BWW Review: FAUST at OPERA WROCLAW - Pleasant to Eye Light (And) Devil
I can say for sure that this play can be for everyone: a contemporary, vibrant version of big classic Faust is exposing new and friendly face for those who want to see an opera show stripped of excessive seriousness. Scenography, choir, characters are tailored to the 21st century 160 years after its premiere in Paris.
The main topic of this play is hunt for youth. Old talented alchemist Faust is bored with life so much that makes a pact with devil so he can be young again. What is interesting this wise man doesn't want nothing but happy life with full of pleasure moments. Evil Mephistopheles fulfills his request and this journey is about to start. Faust takes from life as much as he can - besides others, young and beautiful Marguerite is falling for him, gets pregnant which leads to exposing herself to insults and abuse as Faust is willing to pursue pleasureful paths.
What comes to my mind when I think about this play is the word: light. First because light effects are pretty important and brings a lot in atmosphere which is... light as well. Contemporary clothes, dogs, fires, special effects - all those extras make Faust a very successful performance easy to watch.
First act is full of joy and amusement. Faust catches Mephistopheles's bait, he's young - full of life and has nothing to lose. There are pieces full of life (the one in the bar is one my favorites). Big ensemble is full of spirits and enthusiasm, they sing, dance and apparently have a lot of fun with a touch of delightful grotesque during Marguerite's song when she tries on gifts received from Faust. Scenes changes with moving scenography and spectator is taken by action nice and smoothly. Mephistopheles (great great great Tomasz Rudnicki) is devious companion in leather gloves - a little gnomish but elegant. I loved this part a lot. Devil is restrained, stolid but very chic. He has something that wins your sympathy even thought it's obvious he's not a good character. His grace and style take audience hearts straight away. I loved absolutely everything about this figure, his posture, moves, not to mention excellent French diction.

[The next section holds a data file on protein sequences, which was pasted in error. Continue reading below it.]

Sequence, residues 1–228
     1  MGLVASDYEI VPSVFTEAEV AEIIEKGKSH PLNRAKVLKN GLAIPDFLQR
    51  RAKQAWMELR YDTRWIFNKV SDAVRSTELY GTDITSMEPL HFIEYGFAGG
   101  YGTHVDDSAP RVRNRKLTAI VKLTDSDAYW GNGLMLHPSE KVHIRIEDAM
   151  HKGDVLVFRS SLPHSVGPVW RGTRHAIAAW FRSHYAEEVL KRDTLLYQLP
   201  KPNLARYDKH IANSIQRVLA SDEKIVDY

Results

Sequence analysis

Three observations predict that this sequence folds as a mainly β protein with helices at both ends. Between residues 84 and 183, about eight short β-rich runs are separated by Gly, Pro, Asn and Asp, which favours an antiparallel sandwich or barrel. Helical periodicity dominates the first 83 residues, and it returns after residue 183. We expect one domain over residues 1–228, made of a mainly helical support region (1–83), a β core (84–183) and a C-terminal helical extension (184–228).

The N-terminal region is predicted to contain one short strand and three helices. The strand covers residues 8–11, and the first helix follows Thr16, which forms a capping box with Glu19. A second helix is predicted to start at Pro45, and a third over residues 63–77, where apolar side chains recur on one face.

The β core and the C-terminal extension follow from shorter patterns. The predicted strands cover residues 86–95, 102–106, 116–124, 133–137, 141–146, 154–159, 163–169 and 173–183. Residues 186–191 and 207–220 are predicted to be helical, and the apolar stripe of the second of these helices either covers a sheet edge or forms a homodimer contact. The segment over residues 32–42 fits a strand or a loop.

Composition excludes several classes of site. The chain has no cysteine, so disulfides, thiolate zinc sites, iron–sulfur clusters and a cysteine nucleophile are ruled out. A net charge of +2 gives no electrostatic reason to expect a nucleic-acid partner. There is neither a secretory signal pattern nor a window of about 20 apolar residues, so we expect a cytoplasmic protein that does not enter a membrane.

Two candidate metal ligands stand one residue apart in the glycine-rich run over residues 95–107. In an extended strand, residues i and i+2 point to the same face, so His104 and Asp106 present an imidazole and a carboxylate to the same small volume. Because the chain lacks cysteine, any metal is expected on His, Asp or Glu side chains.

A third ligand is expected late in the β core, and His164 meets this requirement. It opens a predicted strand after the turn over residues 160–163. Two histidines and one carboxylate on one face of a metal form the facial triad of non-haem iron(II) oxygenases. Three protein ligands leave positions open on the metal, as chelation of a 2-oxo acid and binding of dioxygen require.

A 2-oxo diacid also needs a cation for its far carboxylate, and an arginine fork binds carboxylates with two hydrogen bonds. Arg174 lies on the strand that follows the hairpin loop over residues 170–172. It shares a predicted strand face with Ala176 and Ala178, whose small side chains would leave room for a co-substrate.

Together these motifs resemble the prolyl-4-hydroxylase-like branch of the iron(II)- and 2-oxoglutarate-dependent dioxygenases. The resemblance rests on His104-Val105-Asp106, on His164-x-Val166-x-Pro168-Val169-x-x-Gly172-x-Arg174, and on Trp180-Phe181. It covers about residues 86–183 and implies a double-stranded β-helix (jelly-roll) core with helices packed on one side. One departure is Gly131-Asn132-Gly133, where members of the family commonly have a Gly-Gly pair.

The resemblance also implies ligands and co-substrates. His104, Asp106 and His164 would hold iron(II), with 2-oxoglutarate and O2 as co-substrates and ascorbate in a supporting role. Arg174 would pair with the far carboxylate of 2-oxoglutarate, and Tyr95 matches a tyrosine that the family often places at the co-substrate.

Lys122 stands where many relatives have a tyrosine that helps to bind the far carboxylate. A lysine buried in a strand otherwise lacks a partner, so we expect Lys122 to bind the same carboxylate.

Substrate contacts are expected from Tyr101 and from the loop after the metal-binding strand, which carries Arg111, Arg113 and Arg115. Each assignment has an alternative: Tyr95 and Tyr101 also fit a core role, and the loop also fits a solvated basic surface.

Second act is different and much more dark and sad as characters are faced to consequences of their acts. Choir is not joyful drinking company anymore but measuring corollary in a mean and ruthless way. There is darkness and Mephistopheles is not bonny diabolic creature but dangerous black character, sophisticated and in power. It's clear that from the beginning it was not just innocent play and action makes audience sure that the pleasantry is over. Choir is dark, powerful and even kind of brutal. Suddenly atmosphere is not nice and easy but harsh and ferocious as Marguerite is lost and lonely, hopeless, not able to escape a cruel environment.
The director, Beata Redo-Dobber, made dynamic and vigorous show on a big scale with great lightening (Maciej Igielski) and multimedia projections (Piotr Maruszak) what will not leave spectator bored. Cast is well chosen, Marguerite (Iwona Socha) is vibrant, full of hope and fragile, Faust (Lukasz Gaj) determined with a lot of strength in the beginning and enriched by humility at the end. Worth to mention are Valentin (perfect in this role Szymon Komasa) - Marguerite's brave brother and Siebel (Aleksandra Opala) young boy hopelessly in love with her.
Play is easy to watch - pleasant to eye and ear. As this is contemporary version of Johann Wolfgang von Goethe masterpiece from 19th century there are a lot of fresh breezes and unobvious solutions which only proof that this piece of art is truly universal.
Photo credit: Opera Wroclaw